Maritime Shorts: Fish die-off, mussel rules, urchin research



Fish die-off  

FRENCHBORO — A fish die-off at the Cooke Aquaculture salmon farm off Black Island has been cleaned up, according to the company.  

The die-off was reported to state officials on Aug. 27 and remediated later that day, said company spokesman Joel Richardson. The fish deaths were a result of uncommonly low oxygen levels in the fish cages and were a low percentage of the overall number of salmon at the sites.  

The state Department of Environmental Protection opened an investigation into the incident and had a staff member conduct an inspection at the farm last week. Staff will review the data collected and determine if there was a compliance issue related to the deaths. The inspection report is due to be completed by Oct. 1.  

 

Mussel rules 

AUGUSTA — The state Department of Marine Resources is taking comments on a new rule that would establish mandatory monthly trip-level harvester reporting for people who hold a mussel boat license or a hand-raking mussel license.  

If the new rule is approved, starting in 2022, harvesters would need to report their boat name, type of gear, set time, pounds landed, license of dealer sold to, port landed in, type of gear used, the longitude and latitude, average depth and other data to the DMR.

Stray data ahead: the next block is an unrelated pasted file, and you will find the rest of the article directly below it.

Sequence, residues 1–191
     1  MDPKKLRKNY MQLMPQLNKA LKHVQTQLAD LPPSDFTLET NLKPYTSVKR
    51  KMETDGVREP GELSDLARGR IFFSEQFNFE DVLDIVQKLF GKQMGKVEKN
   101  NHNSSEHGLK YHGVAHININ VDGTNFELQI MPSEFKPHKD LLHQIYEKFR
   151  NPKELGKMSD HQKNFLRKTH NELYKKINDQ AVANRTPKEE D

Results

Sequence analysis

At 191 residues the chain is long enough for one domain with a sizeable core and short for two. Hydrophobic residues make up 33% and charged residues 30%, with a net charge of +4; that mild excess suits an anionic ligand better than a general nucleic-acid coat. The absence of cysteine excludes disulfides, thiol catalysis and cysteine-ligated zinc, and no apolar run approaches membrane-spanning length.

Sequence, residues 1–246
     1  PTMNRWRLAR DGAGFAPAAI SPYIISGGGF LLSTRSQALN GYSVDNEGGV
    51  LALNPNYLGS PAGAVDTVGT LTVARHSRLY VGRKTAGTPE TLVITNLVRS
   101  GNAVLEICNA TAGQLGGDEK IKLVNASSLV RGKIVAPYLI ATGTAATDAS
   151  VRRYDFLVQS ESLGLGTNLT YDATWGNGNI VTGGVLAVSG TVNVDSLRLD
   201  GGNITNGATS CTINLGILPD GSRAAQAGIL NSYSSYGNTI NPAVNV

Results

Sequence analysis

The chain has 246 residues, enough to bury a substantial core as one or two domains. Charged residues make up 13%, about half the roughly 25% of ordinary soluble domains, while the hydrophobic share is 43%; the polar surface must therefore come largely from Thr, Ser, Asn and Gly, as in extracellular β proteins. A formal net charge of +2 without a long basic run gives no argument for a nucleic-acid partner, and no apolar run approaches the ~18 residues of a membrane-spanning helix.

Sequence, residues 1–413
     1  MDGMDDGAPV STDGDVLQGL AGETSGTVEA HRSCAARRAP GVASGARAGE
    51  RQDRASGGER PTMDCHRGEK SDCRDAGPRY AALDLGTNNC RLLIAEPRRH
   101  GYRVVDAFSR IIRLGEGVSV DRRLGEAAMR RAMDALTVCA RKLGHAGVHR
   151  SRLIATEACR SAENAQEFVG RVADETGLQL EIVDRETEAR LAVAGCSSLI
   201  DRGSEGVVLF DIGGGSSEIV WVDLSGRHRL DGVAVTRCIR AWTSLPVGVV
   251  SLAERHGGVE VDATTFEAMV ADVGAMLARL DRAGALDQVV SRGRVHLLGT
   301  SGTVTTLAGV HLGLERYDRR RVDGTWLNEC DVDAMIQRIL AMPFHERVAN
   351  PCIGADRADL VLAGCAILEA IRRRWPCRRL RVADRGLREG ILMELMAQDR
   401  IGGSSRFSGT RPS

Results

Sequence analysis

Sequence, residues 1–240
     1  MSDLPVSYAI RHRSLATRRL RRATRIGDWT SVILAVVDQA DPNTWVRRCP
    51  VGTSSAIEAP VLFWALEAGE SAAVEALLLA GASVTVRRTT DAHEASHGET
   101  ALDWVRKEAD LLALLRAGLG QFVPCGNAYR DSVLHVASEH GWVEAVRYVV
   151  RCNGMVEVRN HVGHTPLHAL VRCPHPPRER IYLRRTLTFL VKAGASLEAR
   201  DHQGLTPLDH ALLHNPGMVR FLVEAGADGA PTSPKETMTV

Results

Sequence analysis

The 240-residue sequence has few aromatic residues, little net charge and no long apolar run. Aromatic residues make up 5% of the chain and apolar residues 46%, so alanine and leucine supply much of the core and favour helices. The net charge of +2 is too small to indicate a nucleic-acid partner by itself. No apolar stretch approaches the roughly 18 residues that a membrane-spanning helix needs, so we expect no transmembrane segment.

The Maine Mussel Fishery Improvement Project had requested mandatory harvester reporting for the wild mussel fishery in August to better monitor the health of the resource. The collection of effort and location is standard practice to provide information necessary for fisheries management.  

A hearing on the changes will be held on Sept. 21 at 4 p.m. at the DMR’s Augusta office. Masks are required for those who are not fully vaccinated. A remote option will also be available. Comments on the proposed rule are due by Oct. 1.  

 

Sea urchin research  

AUGUSTA — A researcher from the University of Rhode Island is looking for help from the Maine sea urchin industry on a project that will address information gaps in the status of the green sea urchin fishery.  

Coleen Suckling, a professor at the college, previously worked on sea urchin production for European sea urchin and now is leading several projects aiming to optimize hatchery produced green sea urchin seed and sustaining wild cough urchins.  

The main objective is to look at how effective urchin populations are at reproducing to identify if altered management practices need to be considered to help the natural stocks grow. Suckling and researcher Tara Plee want to collaborate with urchin producers and divers to conduct surveys and collect some animals in and outside of the allocated harvesting period. 

According to a release from the state Department of Marine Resources, Suckling will hold a virtual meeting with those who express interest to go over more details of the project. 

Leave a Reply

Your email address will not be published. Required fields are marked *